Reimbursement rates may be a barrier to providing telehealth
Prior to the pandemic, virtual doctor's visits were limited to a small set of services. That was until former President Donald Trump directed the Centers for Medicare & Medicaid Services to add more than 80 new telehealth services to the list of services covered by Medicare -- and to reimburse them at the same rate as in-person services. That change allowed for the expansion of telehealth, but raised new problems for providers.
JAMESTOWN, N.D. — One of the biggest barriers to offering telehealth or virtual care service in North Dakota is unsustainable reimbursement rates to health care providers, according to Andrew Askew, vice president of public policy for Essentia Health.
Askew said former President Donald Trump directed the Centers for Medicare & Medicaid Services to add more than 80 new telehealth services to the list of services covered by Medicare and to reimburse them at the same rate as in-person services, which is referred to as payment parity. That change allowed health care providers to expand telehealth.
Prior to the pandemic, telehealth was really limited to a small set of services and usually required the patient to go to a clinic or health care facility, Askew said. He said Essentia was not able to bring virtual visits to a patient’s home until the Centers for Medicare & Medicaid Services and different states changed the regulations to allow that.
“It’s really taken off,” Askew said, referring to telehealth services. “I think today we’ve done almost 530,000 visits.”
Bill Heegaard, president of Essentia’s west market, which includes eastern North Dakota and northwestern Minnesota, said Essentia did zero telehealth visits prior to the coronavirus pandemic. During the pandemic, he said 5% to 10% of the visits at Essentia were through telehealth, but it is probably close to 5% right now.
“I think the remarkable thing, and I will just talk about Essentia’s experience, but we went from zero to 3,000 visits per day in a matter of three weeks,” he said.
Easier access to behavioral health providers
North Dakota Insurance Commissioner Jon Godfread said telehealth visits are important in a rural state. During the pandemic, telehealth visits increased dramatically, he said, especially with people who have behavioral health issues.
He said it is easier for people in urban settings to have access to behavioral health providers.
“It’s going to be a critical piece of our health care delivery in the future because for people who live in rural settings, it gives them the opportunity to have access to specialists and have those conversations with their providers and their doctors and get that similar level of care that they may get in a more urban setting,” Godfread said.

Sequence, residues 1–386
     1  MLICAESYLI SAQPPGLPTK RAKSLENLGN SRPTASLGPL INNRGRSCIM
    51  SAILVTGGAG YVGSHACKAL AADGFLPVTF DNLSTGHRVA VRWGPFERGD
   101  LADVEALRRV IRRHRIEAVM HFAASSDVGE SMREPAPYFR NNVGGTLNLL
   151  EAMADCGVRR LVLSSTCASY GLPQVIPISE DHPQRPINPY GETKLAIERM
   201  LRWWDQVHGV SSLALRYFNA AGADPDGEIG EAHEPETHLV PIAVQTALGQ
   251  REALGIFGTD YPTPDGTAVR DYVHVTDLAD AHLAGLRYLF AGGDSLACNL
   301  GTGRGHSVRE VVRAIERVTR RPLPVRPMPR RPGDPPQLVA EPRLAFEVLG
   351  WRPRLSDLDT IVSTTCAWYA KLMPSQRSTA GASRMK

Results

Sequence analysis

Blue Cross Blue Shield North Dakota worked with health care provider groups and the Blue Cross Blue Shield Association and found that behavioral health is one area where its members benefit by having a telehealth visit, said Greg Glasner, chief medical officer for Blue Cross Blue Shield North Dakota.
“Right now … the only type of visit that has been shown to have similar outcomes from telehealth visits to in-office visits are the behavioral health visits,” Glasner said. “The other types of visits, there really hasn’t been any quality outcomes studies. Does it really give you the same quality outcomes with virtual visits versus in-person visits? There is really not good data out there that says one is better than the other.”
- Big employers are offering abortion benefits. Will the information stay safe?
- ‘It’s not a haven’: With limited capacity for abortion care, Minnesota clinics brace for influx
- Caregivers can troubleshoot and empathize without 'fixing' everything
- Heat waves can kill. Know how to keep babies, adults and older people safe when temperatures spike
Heegaard said telehealth services are a big benefit to those with mental health issues, especially if they live in a rural community. He said people with mental health issues would normally have to drive to a provider in a larger city.
He also said those with mental health issues can avoid sharing with even a receptionist about their depression because they can set up a virtual visit on the Internet. He said it also allows the patient to see a therapist after nontraditional work hours.
“I see it as a win-win for the patients,” he said. “I see it as a win for a state like North Dakota because we have so many challenges just because of the distance and also in certain areas, we have challenges in having those specialties available.”
Reimbursing for telehealth
Under current law in North Dakota, reimbursement for telehealth services to the health care provider can be anywhere from 20% to 40% lower than in-person services, said Askew, the public policy official from Essentia.
“That is very challenging for not only health systems or Essentia but for your smaller critical access hospitals that are interested in offering telehealth services and want to keep their patients in their communities instead of having them travel outside of the state for care or some of the state’s larger cities,” he said.